Volcano Choir

Volcano Choir

“Here’s proof that Justin Vernon can summon emotional torrents regardless of context… whatever Vernon does next, hitting the right notes won’t be a problem” Mojo

“A twinkling, Sufjan Stevens-esque treat” Observer

“Richly atmospheric” Q

“A luminous, experimental looseness” 4/5 Time Out

“The new Americana can be at its finest when it embraces loveliness, as with the Akron/Family or Fire On Fire. Unmap bolsters that emerging tradition with honeytoned aplomb” Wire

“Volcano Choir are experimental in the best way… the haunting vocals and disturbing music bulge with excitement” Word

Volcano Choir is an assembly of Wisconsinites Jon Mueller, Chris Rosenau, Jim Schoenecker, Daniel Spack, Justin Vernon, and Thomas Wincek.

You might find these old friends also frequenting records and stages under different monikers, namely Bon Iver and Collections of Colonies of Bees. The collaboration predates the meteoric rise of Justin Vernon’s Bon Iver project, with original songwriting dating back to the summer of 2005, right around the time the Bees first toured with Vernon’s previous band DeYarmond Edison.

While entirely a studio record, the collection doesn’t suffer from the overburdens of a digital pile up or over-thinking. Rather it breathes and convulses in equal measure, radiating an inherent energy found only in the voluntary bondage of intimacy. With the confluence ranging from David Sylvian, a tip of the hat towards Steve Reich’s Music for 18 Musicians (well, okay 6) to a smidgeon of Mahalia Jackson’s febrile spirituality and the clattering edges of Tom Waits, it might be more accurate to say the group’s influence is the immersion of music itself. You can hear it in the care and love generously injected into the bones of each moment within this unique and possibly one-off debut record Unmap. Glowing with the heartfelt feeling of an intimate backwoods gospel collection, plus a spirit of patience and thoughtful repetition, the music of Volcano Choir is as dynamic as it is pulsating with life.

Unmap ultimately and finally came together over a weekend in November 2008 in Fall Creek, Wisconsin, at Vernon’s new recording studio. And while it is at its heart a record about the allure of being with people you need and making something with them, it is also a document created by musicians with rare gifts, getting together to exorcise their ideas about beauty. This scaffolding of loops and off grid tempos for choral style vocals offers a state of continual surprise, call it unexpectation.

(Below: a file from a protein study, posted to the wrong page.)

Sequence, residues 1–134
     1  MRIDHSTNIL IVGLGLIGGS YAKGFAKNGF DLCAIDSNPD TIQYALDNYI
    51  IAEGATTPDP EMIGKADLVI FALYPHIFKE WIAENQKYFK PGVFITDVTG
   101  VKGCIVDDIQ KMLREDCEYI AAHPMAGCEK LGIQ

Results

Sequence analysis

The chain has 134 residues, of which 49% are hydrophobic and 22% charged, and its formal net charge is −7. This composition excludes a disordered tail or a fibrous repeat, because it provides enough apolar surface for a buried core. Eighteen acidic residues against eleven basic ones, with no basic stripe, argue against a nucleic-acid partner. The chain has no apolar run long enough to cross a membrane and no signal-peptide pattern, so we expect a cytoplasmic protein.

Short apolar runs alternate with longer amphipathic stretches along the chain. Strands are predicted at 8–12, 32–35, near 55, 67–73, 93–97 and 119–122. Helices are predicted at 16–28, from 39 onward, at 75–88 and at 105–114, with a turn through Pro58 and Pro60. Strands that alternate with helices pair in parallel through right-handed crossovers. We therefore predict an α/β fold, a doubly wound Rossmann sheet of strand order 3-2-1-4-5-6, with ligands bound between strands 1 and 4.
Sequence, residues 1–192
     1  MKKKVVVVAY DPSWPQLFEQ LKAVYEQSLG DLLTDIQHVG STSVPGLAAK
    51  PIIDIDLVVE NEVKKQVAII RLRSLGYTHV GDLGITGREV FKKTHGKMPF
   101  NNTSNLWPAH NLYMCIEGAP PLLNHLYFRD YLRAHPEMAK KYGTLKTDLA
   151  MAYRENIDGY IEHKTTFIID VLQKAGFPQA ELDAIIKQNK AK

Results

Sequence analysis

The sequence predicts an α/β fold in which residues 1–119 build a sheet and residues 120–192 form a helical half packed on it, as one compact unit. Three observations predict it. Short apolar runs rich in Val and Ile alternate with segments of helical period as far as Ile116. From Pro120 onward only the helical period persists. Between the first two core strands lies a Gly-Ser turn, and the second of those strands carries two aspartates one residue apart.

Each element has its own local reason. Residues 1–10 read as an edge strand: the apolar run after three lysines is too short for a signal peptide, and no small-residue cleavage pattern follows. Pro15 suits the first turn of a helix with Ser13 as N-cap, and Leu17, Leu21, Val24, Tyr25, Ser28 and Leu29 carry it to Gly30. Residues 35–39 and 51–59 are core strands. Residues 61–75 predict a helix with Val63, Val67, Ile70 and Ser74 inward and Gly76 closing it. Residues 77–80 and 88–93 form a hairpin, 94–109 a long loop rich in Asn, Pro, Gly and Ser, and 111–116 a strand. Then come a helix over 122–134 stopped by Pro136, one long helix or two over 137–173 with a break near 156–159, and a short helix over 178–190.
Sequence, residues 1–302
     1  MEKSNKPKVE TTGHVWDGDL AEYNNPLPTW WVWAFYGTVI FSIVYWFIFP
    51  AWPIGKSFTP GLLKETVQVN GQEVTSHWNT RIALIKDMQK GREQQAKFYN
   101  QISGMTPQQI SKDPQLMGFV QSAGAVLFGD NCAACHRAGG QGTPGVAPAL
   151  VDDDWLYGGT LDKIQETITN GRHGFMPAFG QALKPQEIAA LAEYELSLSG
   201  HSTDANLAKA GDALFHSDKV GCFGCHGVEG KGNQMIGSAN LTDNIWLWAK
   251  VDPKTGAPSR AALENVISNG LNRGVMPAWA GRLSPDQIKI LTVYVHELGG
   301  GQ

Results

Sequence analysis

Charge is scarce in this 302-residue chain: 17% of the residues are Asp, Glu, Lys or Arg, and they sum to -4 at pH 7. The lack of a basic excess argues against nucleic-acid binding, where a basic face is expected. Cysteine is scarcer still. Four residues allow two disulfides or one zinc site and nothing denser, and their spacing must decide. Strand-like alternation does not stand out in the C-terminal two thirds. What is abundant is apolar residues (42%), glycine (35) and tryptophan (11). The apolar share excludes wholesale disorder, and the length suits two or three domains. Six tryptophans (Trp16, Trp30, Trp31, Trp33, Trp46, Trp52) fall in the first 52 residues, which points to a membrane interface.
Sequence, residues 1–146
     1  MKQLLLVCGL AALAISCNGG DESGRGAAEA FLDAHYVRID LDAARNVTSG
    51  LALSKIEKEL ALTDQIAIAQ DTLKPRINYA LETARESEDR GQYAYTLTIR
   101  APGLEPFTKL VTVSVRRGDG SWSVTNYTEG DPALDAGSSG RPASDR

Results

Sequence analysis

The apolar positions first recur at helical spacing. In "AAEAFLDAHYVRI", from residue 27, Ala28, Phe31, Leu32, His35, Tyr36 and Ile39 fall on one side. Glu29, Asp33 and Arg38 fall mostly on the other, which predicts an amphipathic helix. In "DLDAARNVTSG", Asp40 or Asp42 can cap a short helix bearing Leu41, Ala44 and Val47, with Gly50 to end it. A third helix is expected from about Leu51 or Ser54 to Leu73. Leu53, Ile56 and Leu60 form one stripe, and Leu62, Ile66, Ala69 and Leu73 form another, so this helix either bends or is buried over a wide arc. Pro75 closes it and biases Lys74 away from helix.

From the first few acoustic bars and choral embrace, you can feel the warmth of this record seeping under the skin and the notion of ‘songs’ is carried away by shape-shifting music that drifts like smoke. ‘Husks and Shells’ blows into ‘Seeplymouth’ that plays out like a less jazzy Isotope 217, before venturing off into more orchestral terrain and breaking down into a marvellous pile up. We hasten to add it’s never messy, as the restraint is so resolutely intuitive. This bleeds into the most ‘pop’ number on the album in ‘Island, IS’; beautiful and thoroughly addictive, with the band swirling around Justin’s words and going where they will. The skipping ‘And Gather’ suddenly breaks into the freeform percussion of ‘Mbira’ that showcases the depth of Vernon’s voice these days. It seems as though the growth in the last year has embellished and freed him to move into territories previously not breached. The results are a significant addition to his range. ‘Cool Knowledge’ sees Vernon lead a chorus of mewing voices, riding what seems like the bare bones of leftover kit. A fabulous minute of music.

‘Still’ is the summation of not only Wisconsin but this group. It breathes a different air and moves at its own pace. It appeared as ‘Woods’ on the Bon Iver Blood Bank EP, but whereas it showed itself with digital vocal effects and little else, this time it is shorn of any artifice and it is arguably the album highlight as a result. The album is rounded out by the modern day spiritual of ‘Youlogy’. Like a male Mahalia fused with Fennesz, it brings to a close a lovely record of impromptu and ragged glory.